End of the Line
'There are various ways of looking for shipwrecks. The first and most common being to tow a magnetometer behind a boat. The use of the Fluxgate Magnetometer was discontinued in the 1960s on account of the mercury contained in its tubes and the Proton Magnetometer replaced it. The latter was useless in Bermuda waters, owing to magnetic anomalies that surrounds the sea mount that supports the island’s coral reef. The next best choice was the side scan sonar but it too was useless, due to the high coral heads that completely surrounded the outer Bermuda reef, where ninety percent of the wrecks around the island lie concealed. So we were left with visual searching as our only practical option.' Teddy Tucker
Sometimes scanners and detectors are no substitute for experienced eyes
Salvage work funded the search. They had a boat, a crew, and equipment and now, whenever the weather permitted they went hunting.
‘We went out diving every single day of the year if the weather was suitable – it was like detective work really enjoyable – it was a story unfolding and a wonderful atmosphere.’ Edna Tucker
Necessity being the mother of invention, the wreck hunters adopted a low-tech but effective search technique called towing. Two divers would be pulled on lines 100 or so feet behind a boat cruising across the reef. If they saw anything that looked like ship's ballast, a scrub mark (reef that had been flattened as a ship was dragged or swept over it) or man-made they would drop down for a closer look. It took practice – but to an experienced eye this method yielded many successes. Cold, exhausting work especially through the winter months it also had its risks. Wreck hunters being dragged behind the boat soon attracted the attention of sharks. They would follow as close as a few feet behind waiting for sudden movements.
‘I don’t know if my dad knew – I think he probably did but he never said anything but I would shorten my line a bit. I thought a shark might bite my leg or foot, so always kept my tow rope shorter! I figured as long as my line was a little shorter than the other guys then I should be alright. I wanted to look for wrecks, but also a little leery of being shark bait.’ Wendy Tucker
'I found a shipwreck on the first day and then they couldn’t get me down'
In a bid to cover more ground from a more comfortable vantage Teddy theorized that it could be possible to spot some wrecks from the air. He had built a boat slip on his property and shared the space with a friend, Colin Plant who had a sea plane. They would go out on calm days and look for the outline of more intact wrecks or the scrub marks where stricken vessels had bounced across the reef. Spotting from above did yield some wrecks but the plane created turbulence on the water limiting its effectiveness at lower altitudes.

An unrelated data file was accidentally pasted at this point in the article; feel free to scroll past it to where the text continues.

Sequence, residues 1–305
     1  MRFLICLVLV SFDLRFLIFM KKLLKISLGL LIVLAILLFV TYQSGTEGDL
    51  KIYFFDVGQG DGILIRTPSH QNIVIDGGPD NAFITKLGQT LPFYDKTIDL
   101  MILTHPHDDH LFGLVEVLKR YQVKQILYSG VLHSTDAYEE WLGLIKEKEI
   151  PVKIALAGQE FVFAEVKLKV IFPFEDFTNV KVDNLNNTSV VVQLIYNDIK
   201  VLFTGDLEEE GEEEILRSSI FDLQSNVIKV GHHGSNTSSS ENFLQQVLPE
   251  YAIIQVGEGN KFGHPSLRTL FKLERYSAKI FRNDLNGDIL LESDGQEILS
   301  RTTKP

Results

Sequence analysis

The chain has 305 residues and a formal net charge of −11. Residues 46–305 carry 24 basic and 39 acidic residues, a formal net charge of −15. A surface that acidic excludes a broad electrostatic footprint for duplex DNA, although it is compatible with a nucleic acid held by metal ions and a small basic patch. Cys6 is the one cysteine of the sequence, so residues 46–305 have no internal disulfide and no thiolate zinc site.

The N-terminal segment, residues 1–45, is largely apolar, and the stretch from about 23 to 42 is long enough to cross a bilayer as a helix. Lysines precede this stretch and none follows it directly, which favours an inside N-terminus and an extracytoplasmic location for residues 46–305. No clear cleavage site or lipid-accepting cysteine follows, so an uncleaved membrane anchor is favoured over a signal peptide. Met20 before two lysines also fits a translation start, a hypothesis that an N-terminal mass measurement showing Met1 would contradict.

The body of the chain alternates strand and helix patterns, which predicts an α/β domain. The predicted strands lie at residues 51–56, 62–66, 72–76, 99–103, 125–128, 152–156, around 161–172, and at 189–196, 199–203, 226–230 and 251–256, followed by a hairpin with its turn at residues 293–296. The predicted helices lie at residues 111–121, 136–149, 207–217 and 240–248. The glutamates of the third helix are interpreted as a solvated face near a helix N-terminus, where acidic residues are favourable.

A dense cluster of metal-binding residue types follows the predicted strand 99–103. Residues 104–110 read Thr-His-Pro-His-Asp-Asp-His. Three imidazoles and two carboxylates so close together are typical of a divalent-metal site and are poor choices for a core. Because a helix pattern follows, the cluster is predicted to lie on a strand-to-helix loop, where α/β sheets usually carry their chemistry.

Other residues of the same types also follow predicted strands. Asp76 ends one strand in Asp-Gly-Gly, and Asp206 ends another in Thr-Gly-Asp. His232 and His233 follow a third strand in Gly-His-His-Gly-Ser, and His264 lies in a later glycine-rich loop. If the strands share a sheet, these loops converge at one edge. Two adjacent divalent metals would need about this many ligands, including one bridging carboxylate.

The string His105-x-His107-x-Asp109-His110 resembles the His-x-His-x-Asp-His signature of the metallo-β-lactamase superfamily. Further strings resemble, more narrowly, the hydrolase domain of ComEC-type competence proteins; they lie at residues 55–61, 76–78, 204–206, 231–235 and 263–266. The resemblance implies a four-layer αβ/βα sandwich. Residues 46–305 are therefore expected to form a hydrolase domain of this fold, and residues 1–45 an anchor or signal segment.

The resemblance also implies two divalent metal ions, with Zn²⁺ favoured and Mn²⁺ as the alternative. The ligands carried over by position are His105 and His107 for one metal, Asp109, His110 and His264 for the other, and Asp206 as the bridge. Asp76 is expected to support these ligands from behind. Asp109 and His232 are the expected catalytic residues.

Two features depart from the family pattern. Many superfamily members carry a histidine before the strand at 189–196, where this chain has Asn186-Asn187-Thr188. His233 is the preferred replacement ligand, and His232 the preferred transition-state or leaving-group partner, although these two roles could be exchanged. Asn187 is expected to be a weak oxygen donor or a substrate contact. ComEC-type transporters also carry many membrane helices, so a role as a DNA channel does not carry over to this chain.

‘Teddy decided that a helium filled balloon would really be the answer – so we got a balloon – I thought we were going to get a drab olive green balloon, something they used in weather or something – the airlines called and said that the balloon had arrived and it was calypso pink. They put me in the balloon first and the seat was made with a little piece of thin plywood … but I was young and happy and it didn’t matter to me.
I did find shipwrecks actually, I found a shipwreck on the first day and then they couldn’t get me down and the boys all stood on the rope and were discussing the situation and then they went and had lunch down below and I thought I don’t believe it! I was hanging onto this knot on the boatswain's chair that was snapping up and down.’ Edna Tucker
Outrageous, bordering on the comical but the balloon was an effective, if cumbersome means of spotting wrecks in the shallows of the reef platform.
Over his career, Teddy found over 125 shipwrecks representing four centuries of ocean travel. He developed excavation techniques and equipment, learned how to accurately record a wreck and how to date and occasionally name a wreck from the array of artifacts held within its skeleton. His friend Mendel Peterson coined the term 'Time Capsule' referring to these collections of shipwreck artifacts. Teddy became an expert in underwater archaeology, ceramics, glassware, armaments, coins, stoneware and ship design and materials.
'"There are no holidays", Teddy would say. It was hard work, up and away from the dock at dawn and back home at dusk and reading the records of the dives that Teddy kept meticulously at the end of each day I see that over one 28-day period we were out on site 20 days, whenever the weather permitted. But there was a lot of fun too. They were all good friends.' Wendy Tucker